How do we know when tradition is helpful or harmful? How do we know when tradition breathes life and hope into the people of God? Or when it becomes a barrier to the leading of the Holy Spirit for our time? This is a critical matter the church must be constantly discerning. Is tradition serving as a propeller or an anchor?
In a well-known tale, a young girl asks her mother why she cut off both ends of the ham prior to placing it in the roast pan. “Well,” the mother responded, “I think it might be to let the juices soak through the meat, but I’m not too sure. You’d better ask your grandmother. That’s who I learned it from.”
Upon calling her grandmother, the girl received the exact same response, with a referral further on to her great-grandmother. “Oh, sweety,” the dear old lady chuckled, “I only cut off the ends of the ham because I never had a pan large enough to fit the whole roast!”
Everyone had a good laugh, as the source of what had become a family tradition was discovered. What was a necessary tradition at one time had become nonsensical traditionalism.
I find Jesus’ experience at the Festival of Booths in John 7 to offer interesting insight into this whole question of tradition vs. traditionalism. It’s a sad story, really.
At the Festival of Booths, Jews from all over the empire returned to Jerusalem for a joyous, eight-day celebration. They built make-shift shelters to sleep in for the week. This was to commemorate God’s guiding hand through the wilderness prior to entry into the Promised Land. God had provided, protected and led them through ordinary ways and mighty acts. It was a celebration of God’s activity among them.
After briefly stalling, Jesus eventually arrived at the feast and began teaching. But his welcome was not warm. The Jewish leaders wanted to kill him. Those in the crowd who appreciated Jesus only whispered their admiration for fear of the authorities. Others declared that Jesus was a deceptive character. These were the rumblings that would build up to his eventual crucifixion.
This is all so very sad. As the Jewish people gathered to joyously commemorate the ancient works of their God, at that moment they missed his presence and power in their very midst. It’s not only sad. It’s ironic. They were so focussed on living out the traditions of old that they simply couldn’t recognize the new season the Messiah arrived to usher in. Tradition had become traditionalism.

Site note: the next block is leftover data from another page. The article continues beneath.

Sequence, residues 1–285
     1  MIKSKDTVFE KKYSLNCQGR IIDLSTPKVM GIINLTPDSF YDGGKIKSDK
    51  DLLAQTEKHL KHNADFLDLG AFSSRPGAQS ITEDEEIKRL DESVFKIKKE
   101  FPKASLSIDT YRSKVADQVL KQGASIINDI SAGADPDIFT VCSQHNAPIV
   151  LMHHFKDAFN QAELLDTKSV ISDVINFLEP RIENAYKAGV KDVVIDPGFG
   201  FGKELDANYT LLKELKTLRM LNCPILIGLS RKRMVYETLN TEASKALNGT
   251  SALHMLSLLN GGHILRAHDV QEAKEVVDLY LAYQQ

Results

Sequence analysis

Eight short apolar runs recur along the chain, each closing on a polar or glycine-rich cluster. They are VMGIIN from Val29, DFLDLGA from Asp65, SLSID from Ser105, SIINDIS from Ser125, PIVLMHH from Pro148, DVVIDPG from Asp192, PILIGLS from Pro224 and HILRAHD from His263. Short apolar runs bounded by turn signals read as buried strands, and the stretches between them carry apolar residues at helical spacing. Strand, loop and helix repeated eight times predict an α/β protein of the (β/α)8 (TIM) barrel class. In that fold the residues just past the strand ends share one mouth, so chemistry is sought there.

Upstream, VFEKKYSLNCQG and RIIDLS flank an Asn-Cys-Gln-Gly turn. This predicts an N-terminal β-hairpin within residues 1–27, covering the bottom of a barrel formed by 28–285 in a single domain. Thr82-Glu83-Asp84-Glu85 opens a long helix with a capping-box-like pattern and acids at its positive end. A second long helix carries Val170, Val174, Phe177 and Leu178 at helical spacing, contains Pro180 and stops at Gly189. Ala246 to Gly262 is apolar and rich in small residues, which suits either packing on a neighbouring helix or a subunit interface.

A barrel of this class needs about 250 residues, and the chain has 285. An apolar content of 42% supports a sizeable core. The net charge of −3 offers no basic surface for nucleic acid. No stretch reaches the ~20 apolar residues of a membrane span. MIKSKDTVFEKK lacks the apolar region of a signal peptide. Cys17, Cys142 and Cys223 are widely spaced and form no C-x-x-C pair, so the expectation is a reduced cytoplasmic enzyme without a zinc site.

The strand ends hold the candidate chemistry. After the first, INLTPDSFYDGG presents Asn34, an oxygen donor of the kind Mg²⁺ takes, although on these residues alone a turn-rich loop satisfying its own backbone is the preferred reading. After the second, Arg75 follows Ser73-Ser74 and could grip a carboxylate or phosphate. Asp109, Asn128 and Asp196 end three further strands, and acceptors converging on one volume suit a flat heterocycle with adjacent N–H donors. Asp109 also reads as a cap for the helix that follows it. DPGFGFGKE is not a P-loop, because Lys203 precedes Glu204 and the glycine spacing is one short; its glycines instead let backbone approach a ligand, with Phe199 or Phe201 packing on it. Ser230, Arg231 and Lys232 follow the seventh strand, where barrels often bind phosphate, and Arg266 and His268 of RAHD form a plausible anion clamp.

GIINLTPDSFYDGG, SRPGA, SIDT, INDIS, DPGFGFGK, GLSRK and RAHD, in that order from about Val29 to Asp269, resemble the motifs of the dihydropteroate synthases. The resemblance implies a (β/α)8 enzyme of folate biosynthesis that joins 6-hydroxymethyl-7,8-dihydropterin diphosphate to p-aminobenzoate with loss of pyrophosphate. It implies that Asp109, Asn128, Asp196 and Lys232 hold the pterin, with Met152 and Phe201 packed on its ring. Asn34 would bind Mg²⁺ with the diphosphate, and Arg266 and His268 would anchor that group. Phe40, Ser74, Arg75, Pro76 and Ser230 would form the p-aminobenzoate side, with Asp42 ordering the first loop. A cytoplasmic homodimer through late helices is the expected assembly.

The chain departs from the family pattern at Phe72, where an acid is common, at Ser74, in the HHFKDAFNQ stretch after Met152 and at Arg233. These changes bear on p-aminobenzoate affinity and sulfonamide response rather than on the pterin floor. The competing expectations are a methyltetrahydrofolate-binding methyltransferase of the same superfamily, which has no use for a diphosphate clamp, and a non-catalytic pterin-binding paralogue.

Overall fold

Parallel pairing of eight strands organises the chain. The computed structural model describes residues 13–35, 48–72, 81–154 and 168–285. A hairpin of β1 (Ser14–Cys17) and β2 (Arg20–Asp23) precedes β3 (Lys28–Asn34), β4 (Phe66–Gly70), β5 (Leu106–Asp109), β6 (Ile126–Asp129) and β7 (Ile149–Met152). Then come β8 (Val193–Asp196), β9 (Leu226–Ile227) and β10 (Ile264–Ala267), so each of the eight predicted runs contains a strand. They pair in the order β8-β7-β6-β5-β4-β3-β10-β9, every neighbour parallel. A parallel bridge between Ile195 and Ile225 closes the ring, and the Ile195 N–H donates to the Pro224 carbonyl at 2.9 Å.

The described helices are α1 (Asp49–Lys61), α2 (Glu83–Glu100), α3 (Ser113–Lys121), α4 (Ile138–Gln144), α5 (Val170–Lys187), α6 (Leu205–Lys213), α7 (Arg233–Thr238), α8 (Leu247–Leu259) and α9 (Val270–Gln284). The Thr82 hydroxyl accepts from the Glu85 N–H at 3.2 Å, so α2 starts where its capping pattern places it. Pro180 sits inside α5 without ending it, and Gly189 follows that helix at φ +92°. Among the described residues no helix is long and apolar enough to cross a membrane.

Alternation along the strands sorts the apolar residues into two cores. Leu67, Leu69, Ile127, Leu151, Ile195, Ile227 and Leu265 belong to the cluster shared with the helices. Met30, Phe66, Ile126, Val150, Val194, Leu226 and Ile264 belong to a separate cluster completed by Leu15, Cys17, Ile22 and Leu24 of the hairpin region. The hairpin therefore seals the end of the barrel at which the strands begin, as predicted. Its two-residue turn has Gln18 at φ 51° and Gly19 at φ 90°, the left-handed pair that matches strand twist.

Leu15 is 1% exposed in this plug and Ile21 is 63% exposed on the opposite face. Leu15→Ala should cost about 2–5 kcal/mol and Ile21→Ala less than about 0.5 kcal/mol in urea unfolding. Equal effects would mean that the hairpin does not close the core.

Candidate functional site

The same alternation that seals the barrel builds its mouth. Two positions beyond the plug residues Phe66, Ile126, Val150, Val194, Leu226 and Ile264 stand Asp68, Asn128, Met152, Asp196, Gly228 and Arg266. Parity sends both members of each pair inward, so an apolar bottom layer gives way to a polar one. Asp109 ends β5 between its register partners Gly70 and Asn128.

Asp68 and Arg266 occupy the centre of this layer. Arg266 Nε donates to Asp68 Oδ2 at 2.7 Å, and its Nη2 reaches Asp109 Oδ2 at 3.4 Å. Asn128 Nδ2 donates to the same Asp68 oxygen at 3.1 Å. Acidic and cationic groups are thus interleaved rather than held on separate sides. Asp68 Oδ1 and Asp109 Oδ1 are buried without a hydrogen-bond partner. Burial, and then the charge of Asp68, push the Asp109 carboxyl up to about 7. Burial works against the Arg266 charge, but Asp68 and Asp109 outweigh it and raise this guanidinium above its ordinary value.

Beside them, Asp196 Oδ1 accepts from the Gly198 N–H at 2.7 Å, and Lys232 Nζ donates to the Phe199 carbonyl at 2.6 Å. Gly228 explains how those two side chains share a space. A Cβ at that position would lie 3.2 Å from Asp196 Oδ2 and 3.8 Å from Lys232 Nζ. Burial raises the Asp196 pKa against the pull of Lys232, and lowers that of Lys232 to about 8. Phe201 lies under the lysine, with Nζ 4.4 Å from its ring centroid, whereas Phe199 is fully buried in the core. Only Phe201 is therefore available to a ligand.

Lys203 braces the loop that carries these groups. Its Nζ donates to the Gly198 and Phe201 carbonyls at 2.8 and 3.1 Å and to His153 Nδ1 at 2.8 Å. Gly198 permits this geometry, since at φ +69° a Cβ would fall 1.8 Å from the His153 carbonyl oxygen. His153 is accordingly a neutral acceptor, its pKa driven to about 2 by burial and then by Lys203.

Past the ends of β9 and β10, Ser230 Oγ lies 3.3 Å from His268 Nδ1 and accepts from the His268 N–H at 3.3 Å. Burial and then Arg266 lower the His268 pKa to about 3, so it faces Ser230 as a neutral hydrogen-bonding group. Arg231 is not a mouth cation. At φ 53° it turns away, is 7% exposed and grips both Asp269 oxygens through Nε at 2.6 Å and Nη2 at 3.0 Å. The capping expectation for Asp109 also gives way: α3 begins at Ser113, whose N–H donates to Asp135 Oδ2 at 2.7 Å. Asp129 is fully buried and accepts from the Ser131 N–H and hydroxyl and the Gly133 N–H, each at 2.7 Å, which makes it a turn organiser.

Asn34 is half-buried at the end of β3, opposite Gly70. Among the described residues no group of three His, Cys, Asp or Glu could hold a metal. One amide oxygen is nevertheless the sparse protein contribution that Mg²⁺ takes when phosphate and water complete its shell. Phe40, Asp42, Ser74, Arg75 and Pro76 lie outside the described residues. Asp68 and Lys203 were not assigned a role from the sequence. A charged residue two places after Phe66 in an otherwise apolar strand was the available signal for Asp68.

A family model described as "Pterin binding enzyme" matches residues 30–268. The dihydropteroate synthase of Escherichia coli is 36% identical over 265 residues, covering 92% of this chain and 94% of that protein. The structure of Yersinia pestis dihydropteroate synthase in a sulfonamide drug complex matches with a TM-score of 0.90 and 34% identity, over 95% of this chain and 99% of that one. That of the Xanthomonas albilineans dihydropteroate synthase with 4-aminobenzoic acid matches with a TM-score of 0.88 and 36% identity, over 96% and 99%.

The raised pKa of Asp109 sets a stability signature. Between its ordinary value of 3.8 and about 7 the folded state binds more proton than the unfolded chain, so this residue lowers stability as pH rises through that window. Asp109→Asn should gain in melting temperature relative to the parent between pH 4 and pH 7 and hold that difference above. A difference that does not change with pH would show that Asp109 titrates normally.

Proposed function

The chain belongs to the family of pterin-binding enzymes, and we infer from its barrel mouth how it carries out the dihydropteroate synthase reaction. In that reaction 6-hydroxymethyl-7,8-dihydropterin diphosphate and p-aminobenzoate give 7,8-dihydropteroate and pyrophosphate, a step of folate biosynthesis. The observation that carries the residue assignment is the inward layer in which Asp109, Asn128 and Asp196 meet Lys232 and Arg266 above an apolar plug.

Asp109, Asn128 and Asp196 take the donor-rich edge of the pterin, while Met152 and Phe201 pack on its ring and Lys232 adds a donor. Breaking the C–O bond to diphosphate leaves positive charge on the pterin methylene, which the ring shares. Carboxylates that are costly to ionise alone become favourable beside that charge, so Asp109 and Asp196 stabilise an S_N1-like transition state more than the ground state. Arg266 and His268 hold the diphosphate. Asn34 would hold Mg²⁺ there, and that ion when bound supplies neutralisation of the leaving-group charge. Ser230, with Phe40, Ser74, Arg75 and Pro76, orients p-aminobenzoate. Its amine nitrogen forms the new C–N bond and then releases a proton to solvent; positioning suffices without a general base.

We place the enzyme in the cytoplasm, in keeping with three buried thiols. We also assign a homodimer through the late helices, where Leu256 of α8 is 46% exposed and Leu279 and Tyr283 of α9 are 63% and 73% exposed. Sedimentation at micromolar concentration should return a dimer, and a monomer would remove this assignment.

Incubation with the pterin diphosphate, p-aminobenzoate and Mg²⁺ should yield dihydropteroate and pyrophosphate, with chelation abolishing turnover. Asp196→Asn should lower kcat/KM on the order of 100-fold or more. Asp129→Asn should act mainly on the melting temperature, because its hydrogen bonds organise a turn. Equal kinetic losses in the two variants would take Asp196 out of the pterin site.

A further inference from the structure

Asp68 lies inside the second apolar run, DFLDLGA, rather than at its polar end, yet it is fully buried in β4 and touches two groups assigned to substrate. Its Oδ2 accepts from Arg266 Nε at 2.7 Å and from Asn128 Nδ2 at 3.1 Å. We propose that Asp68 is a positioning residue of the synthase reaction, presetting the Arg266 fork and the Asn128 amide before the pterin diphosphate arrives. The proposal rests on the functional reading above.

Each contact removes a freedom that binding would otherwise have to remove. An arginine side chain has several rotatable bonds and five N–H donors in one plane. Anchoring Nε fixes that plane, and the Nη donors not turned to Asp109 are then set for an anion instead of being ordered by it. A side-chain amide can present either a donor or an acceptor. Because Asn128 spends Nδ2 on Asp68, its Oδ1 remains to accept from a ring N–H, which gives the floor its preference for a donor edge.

“Tradition is the living faith of the dead. Traditionalism is the dead faith of the living.” These are the wise words of Jaroslav Pelikan. You see, tradition can be a marvellous gift from God. In fact, it was he who called the Israelites to celebrate the Festival of Booths annually so that future generations would know the power and faithfulness of God. As the living faith of the dead, it had marvellous potential to propel the people forward with confidence and hope into a new era of following their God into new territory.
However, sadly it served as an anchor. The Jews cared far more about preserving and honouring what had been, upholding the institution they had developed, rather than acknowledging that, in Jesus, God was at work in new ways.
How do we, the church, discern this? What are the traditions we need to cling to, and plumb the depths of, which will propel us forward? In what ways are we tempted to embrace the traditionalism that has an anchoring, rather than freeing, effect? May we not carve the ends of the ham off simply because it’s what great-grandmother did.
Ryan Jantzi pastors Kingsfield-Zurich Mennonite Church, Ont., where he’s fascinated with exploring the interplay between traditional church and new expressions of mission.